Music in the Ritz


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John Pulos

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Mrs. Walter Douglas remembered music by Puccini and Tchaikowsky played in the a la carte restaurant on April 14, by the "stringed Orchestra." Am I correct in assuming that this was not The White Star Orchestra of Hartley, Hume, Krins, Woodward, Bricoux, Taylor, Brailey, and Clark. If they are not the ones, then who did play the music, and where might they be listed??? My annual Titanic dinner (Titanic III) will feature the cuisine of the "Ritz" restaurant this year - and I have purchased the "proper music" for the evening.
 
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Dave Miller

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Does anyone know where I could find copies of the sheet music from the White Star Song Book?
 
Dec 13, 1999
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Actually there was two musical ensembles on the Titanic. George Krins, Roger Bricoux and Theodore Brailey played just near the í  la carte restaurant, in the B-deck reception. Mrs Walter Douglas, when she described the music, was certainly talking of them. The others remaining: Hartley, Hume, Woodward, Taylor and Clark, were entertaining passengers in the D-deck dining saloon. At the end of the evening, the two ensembles would joined eachother to played in the large reception room for a last concert. Many passengers recalled that the music on the last evening was particularly delightful and gay: Mrs Candee, the Countess of Rothes, the Newell sisters, Miss Eustis, Mrs Stephenson, the Thayers, etc. Hope this helps...

Charles
 
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John Pulos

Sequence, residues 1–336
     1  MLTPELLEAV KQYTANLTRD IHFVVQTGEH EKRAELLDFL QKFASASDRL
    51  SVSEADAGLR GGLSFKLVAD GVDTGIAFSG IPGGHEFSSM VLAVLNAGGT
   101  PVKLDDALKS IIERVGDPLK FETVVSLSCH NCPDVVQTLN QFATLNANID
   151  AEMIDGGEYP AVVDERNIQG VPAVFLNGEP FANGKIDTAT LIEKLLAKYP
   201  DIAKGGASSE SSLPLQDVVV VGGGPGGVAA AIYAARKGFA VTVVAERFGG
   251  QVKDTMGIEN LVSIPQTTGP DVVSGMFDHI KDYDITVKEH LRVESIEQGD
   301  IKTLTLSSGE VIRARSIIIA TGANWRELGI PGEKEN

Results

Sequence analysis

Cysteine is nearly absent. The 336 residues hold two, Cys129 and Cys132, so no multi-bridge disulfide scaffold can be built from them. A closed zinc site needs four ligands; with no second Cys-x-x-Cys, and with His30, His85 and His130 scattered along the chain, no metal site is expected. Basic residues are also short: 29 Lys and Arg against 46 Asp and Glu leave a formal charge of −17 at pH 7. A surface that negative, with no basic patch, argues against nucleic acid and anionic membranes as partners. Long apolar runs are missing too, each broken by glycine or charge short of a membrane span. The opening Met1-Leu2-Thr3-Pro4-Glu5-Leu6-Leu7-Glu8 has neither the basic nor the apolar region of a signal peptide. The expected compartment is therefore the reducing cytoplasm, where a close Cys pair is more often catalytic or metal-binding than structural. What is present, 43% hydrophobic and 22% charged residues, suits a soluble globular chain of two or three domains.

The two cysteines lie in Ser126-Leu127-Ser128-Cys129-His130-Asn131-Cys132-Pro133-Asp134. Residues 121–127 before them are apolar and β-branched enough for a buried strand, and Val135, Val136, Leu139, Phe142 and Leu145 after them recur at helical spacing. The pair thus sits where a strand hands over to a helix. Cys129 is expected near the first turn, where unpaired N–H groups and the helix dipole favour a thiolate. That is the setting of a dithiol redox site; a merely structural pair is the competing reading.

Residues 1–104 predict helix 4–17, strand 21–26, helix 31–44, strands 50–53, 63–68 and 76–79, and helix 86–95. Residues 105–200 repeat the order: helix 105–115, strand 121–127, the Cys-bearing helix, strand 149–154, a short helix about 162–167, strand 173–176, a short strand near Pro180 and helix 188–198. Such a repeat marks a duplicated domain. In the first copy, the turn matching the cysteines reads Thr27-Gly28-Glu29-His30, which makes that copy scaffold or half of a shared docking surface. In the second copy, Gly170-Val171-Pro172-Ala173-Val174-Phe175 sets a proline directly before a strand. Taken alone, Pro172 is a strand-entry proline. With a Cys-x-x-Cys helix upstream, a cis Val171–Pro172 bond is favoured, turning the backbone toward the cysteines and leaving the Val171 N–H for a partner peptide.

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Perfect, thanks. I have so much literature, but do not remember reading that. If the guest decended the aft first class staircase - would they have directly entered the B-Deck reception - and since it seems that the Cafe Parisien was the only other "room" in the area - was the B-Deck reception just for those two restaurants. I am looking at the drawing in Lynch's Titanic - and Illustrated History.
Thanks,
John Pulos
 
Dec 13, 1999
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Yes, the B-deck staircase landing was directly opened in the restaurant reception room. When a passenger had just finished his dinner in the restaurant, he had the choice to take his after-dinner coffe in the Café Parisian, or in the adjoining reception. But the reception was not just conceived for the restaurant guests. In her account, Mrs Harris recalled playing cards in this room with her husband and several other gentlemen. Also, this place was very popular for the afternoon tea. Sincerely,

Charles
 
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John Pulos

Guest
... so the music played by the strings in the reception room could be heard in the restaurant itself??? - do you think that the 3 played during most of the dinner hour before joining the others???
Thanks again,
JP
 
Dec 13, 1999
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Some passengers said that the trio moved in the corridor between the restaurant and the reception room and played there during dinner. If it was not the case, certainly they could have been heard from the reception room too. Just as the quintet down in the dining saloon, the trio was required to play during all the dinner hour. Then, they took a pause and joined Wallace Hartley and the others in the D-deck reception for the final concert. Sincerely,

Charles
 
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John Pulos

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Charles,
I have spent from January - April for the last three years researching the Titanic and the local people that were on her. I have acquired many of the "required reading books" but have much more to read. My recent converstions with William Hull Botsford's 99 year old sister have been incredibly enlightening - but, can I ask, where do you find info like "some passengers said that the trio moved in the corridor between the restaurant and the reception room..." and such things as how the orchester was split-up? ... and why do we thurst for such information???
Thanks for your time.
JP
 
Dec 13, 1999
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Concerning the orchestra information, check the page Phil Hind created for ET. All the informations you need on the musicians of the Titanic are put together. I learned the split-up info on this page.